The most important simplification may be the ability to create graphene at ambient pressures, as it would take some potentially costly steps out of future graphene assembly lines.

"If you need to work in high vacuum, you need to worry about getting it into and out of a vacuum chamber without having a leak," Johnson said. "If you're working at atmospheric pressure, you can imagine electropolishing the copper, depositing the graphene onto it and then moving it along a conveyor belt to another process in the factory."


'/>"/>

Contact: Evan Lerner
elerner@upenn.edu
215-573-6604
University of Pennsylvania
Source:Eurekalert

Related biology technology :

1. Physicists isolate bound states in graphene-superconductor junctions
2. UCSB physicists challenge classical world with quantum-mechanical implementation of shell game
3. Physicists take new look at the atom
4. Rice physicists discover ultrasensitive microwave detector
5. UC Riverside physicists pave the way for graphene-based spin computer
6. UBC, Max Planck formalize partnership among worlds top quantum physicists
7. Physicists capture first images of atomic spin
8. U-M physicists create first atomic-scale map of quantum dots
9. Physicists at UC Santa Barbara make discovery in quantum mechanics
10. NYU physicists find way to explore microscopic systems through holographic video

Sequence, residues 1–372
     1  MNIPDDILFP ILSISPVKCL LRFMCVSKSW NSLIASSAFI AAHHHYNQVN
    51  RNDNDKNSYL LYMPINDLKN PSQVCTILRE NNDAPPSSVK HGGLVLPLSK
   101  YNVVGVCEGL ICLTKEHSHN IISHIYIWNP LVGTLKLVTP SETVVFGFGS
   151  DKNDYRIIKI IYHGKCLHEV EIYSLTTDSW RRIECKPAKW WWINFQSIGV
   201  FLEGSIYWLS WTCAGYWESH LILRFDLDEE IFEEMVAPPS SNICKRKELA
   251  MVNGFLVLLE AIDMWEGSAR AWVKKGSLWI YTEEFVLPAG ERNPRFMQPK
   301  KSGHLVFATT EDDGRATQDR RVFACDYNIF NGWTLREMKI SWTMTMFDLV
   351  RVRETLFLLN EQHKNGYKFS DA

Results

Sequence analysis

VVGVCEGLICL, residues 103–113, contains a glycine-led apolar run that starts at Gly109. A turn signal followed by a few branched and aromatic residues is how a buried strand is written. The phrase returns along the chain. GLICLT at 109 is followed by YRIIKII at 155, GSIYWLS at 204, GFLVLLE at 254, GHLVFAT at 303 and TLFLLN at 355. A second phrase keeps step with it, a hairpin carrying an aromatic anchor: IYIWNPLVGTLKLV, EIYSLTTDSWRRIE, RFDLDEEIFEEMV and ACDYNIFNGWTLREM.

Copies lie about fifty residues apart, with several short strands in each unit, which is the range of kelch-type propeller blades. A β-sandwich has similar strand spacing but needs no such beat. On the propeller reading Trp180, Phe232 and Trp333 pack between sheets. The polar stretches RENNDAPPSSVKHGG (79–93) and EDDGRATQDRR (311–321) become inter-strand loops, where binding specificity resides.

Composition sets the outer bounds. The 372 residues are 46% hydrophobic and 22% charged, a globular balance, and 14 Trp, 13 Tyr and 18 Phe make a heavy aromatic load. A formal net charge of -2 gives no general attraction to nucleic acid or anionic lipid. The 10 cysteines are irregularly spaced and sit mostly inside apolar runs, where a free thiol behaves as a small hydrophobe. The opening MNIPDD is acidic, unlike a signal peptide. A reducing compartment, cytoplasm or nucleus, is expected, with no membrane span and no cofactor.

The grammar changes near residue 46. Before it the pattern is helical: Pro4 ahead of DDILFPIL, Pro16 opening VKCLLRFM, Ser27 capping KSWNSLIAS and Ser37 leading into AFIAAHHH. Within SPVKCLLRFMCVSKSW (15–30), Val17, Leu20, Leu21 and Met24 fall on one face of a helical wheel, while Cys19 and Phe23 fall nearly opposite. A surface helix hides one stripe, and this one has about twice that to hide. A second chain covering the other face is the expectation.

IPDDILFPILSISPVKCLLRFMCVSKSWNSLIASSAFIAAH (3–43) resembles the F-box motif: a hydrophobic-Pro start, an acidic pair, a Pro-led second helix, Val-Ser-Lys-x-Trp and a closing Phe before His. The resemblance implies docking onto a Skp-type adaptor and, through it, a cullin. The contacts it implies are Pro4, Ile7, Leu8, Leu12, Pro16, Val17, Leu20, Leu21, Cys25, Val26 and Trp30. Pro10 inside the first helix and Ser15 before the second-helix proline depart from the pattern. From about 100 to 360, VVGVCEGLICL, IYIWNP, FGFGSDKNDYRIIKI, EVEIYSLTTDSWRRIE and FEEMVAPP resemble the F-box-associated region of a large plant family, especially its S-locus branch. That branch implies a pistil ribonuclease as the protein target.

11. Nanophysicists find unexpected magnetic effect
Post Your Comments:
*Name:
*Comment:
*Email:
(Date:3/22/2017)... ... 2017 , ... Okyanos Cell Therapy has announced Tallahassee, FL will be the ... “Stem Cell Therapy: The Next Phase in the Evolution of Medicine.” As the Bahamas’ ... and Therapy Act, Okyanos maintains a mission to help “no-option” patients and those ...
(Date:3/22/2017)... ... March 21, 2017 , ... ... peristaltic pump with patented ReNu single-use (SU) cartridge technology. Engineered by the ... feed pumps in SU tangential flow filtration (TFF), virus filtration (VF) and ...
(Date:3/22/2017)... March 22, 2017  Personal Genome Diagnostics Inc. ... testing contract with the U.S. Department of Veterans ... assay with the company,s new CancerSELECT ™ ... actionable pan-cancer profiling test that includes microsatellite instability ... patient response to checkpoint inhibitor immunotherapies. CancerSELECT 125 ...
(Date:3/20/2017)... , ... March 20, 2017 , ... ... pharmaceutical and biotech companies, recently announced it will debut a brand new pressure ... City. The intelliVessel is controlled by a touch screen panel and features other ...
Breaking Biology Technology:
(Date:3/22/2017)... , March 21, 2017 Vigilant Solutions ... serving law enforcement agencies, announced today the appointment of ... director of public safety business development. Mr. ... enforcement experience, including a focus on the aviation transportation ... most recent position, Mr. Sheridan served as the Aviation ...
(Date:3/9/2017)... Australia , March 9, 2017 ... the prestigious World Lung Imaging Workshop at the University ... , was invited to deliver the latest data to ... globally recognised event brings together leaders at the forefront ... developments in lung imaging. "The quality ...
(Date:3/2/2017)... 2017 Summary This report provides all ... partnering interests and activities since 2010. ... Read the full report: ... 2010 report provides an in-depth insight into the partnering activity ... On demand company reports are prepared upon purchase to ...
Breaking Biology News(10 mins):